Back when ReSound first entered Costco, we had many people return their hearing aids they had recently purchased when they found out Costco was offering “the same thing,” even though it wasn’t the same thing (it was a trimmer-based product rather than a programmable like the good old BT2s and ED3s). But no matter how you explained it to the patient, they didn’t get it.
Phonak can expect a lot of Hell over the next few months, based on my experience of what ReSound went through. They can expect and increase in returned from the non-Costcos and non-VA offices, and for a lot of reasons. The first is the one I gave above. Another are resentful practice owners like myself who, over the serious bad taste this is leaving, will send everything back that they can. Third will be fitters who even have patients in process who will switch the patient to a different manufacturer just because they are so pissed at Phonak. I’ve seen it happen before, and not [sic] it will happen again.
But Phonak and Sonova had to know this going into it. They have probably done the math and decide it was still worth pissing off their loyal customers because of the units they’ll get from Costco. When it comes down to it, it’s all about the almighty buck.
(More coming, as I’ve almost exceed the post length limit)
Scot continues in the next comment:
The source I spoke with at Phonak gave a lot of reasons for going into Costco that were not financially motivated, but it’s all B.S. According to the source, they did research and found that Costco buyers are, on average, younger than those that would come to my office, so their motivation was to help more people who have hearing loss at a younger age. Bull. Their motivation was to get a piece of that pie. If Costco was helping people find help at an earlier age, why not let ReSound and Rexton continue to fill that role? [Editor: Emphasis added]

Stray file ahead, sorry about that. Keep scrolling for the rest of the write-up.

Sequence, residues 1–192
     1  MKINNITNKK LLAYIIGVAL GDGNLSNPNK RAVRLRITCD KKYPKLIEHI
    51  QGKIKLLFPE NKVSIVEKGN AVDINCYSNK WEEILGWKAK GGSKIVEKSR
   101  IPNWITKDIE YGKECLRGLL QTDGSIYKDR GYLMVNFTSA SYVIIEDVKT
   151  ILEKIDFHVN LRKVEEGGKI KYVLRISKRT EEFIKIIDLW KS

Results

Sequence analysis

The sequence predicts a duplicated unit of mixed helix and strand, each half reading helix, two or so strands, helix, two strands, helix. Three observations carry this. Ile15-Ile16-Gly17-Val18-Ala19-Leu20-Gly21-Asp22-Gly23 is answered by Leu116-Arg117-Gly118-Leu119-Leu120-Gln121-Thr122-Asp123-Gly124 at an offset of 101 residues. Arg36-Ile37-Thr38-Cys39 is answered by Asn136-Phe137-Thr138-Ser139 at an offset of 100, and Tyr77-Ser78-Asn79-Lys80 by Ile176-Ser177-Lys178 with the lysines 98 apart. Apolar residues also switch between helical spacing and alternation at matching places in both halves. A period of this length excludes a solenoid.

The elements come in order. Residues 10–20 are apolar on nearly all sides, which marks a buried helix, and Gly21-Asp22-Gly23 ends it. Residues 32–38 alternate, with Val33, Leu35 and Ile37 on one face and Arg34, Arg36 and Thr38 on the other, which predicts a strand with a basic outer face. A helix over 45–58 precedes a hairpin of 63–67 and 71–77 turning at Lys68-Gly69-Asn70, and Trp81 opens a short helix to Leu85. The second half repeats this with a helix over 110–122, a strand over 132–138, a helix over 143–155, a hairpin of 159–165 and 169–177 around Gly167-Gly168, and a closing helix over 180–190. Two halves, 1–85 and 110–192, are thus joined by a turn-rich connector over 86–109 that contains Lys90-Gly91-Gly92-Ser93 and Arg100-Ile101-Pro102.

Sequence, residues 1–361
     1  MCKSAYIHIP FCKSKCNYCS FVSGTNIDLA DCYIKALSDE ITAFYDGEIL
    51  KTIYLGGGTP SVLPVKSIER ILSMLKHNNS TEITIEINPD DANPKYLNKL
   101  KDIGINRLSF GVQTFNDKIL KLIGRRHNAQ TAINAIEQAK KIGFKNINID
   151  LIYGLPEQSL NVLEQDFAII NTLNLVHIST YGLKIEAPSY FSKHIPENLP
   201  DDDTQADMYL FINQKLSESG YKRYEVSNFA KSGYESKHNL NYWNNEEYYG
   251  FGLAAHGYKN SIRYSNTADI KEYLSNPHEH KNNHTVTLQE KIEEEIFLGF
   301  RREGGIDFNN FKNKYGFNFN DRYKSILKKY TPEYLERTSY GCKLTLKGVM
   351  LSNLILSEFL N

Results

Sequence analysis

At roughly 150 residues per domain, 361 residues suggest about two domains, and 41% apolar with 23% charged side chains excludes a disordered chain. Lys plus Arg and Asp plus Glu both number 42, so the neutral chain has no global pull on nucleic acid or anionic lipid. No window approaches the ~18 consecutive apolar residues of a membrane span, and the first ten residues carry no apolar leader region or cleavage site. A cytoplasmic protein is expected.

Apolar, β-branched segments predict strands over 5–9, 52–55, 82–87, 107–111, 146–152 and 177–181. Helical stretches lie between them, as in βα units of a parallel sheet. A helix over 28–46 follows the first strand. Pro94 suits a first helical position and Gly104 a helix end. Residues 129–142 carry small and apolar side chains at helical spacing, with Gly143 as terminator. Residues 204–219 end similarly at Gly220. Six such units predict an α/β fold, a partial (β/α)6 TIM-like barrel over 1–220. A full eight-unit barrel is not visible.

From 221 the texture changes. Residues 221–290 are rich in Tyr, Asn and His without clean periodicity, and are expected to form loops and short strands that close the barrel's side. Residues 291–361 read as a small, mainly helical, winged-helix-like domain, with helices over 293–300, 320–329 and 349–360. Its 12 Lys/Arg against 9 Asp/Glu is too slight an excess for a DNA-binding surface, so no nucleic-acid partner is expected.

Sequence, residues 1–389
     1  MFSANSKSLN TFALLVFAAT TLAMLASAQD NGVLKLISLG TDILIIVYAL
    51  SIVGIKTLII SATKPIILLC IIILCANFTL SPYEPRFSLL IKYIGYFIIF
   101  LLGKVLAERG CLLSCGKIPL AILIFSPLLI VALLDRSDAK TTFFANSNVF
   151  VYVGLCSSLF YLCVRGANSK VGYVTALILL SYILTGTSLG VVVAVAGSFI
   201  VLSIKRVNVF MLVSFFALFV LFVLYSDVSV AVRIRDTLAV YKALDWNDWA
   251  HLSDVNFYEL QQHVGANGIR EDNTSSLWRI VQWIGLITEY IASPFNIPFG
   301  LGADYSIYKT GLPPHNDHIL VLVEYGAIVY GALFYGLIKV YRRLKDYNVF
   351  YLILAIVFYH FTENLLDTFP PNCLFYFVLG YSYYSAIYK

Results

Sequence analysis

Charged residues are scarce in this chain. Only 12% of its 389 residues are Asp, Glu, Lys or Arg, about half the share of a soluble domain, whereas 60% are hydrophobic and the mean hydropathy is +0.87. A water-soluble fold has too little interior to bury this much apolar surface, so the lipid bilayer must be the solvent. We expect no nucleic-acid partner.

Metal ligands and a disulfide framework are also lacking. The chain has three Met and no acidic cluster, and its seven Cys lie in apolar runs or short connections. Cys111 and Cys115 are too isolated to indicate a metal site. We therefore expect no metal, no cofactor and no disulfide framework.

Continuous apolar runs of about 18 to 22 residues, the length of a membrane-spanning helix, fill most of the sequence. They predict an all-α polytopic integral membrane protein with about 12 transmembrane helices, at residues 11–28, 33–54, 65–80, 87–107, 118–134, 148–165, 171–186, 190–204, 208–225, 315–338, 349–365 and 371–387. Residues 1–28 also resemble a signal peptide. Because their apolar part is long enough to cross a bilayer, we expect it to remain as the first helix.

By Phonak going into Costco, it doesn’t increase the number of people Costco is helping, it only changes the mix of what they’re selling. Costco only has so many people fitting hearing aids, and they only have so many hours in the day. Only Costco can change how many people they are helping, by increasing the number of outlets they have.
Phonak going into Costco does not increase the number of people being fit with hearing aids. It only takes business away from me. And my business away from them.
Phonak is owned by Sonova, which also owns Unitron and Advanced Bionics; GN ReSound is owned by GN Stor Nord, which also owns Beltone and Jabra; while Rexton is owned by Siemens, which also is the primary supplier to Miracle Ear.
Correction: Amplifon is an independent company listed on an Italian stock exchange; while although Hansaton is a privately owned company, they share a technological partnership with Siemens SAT.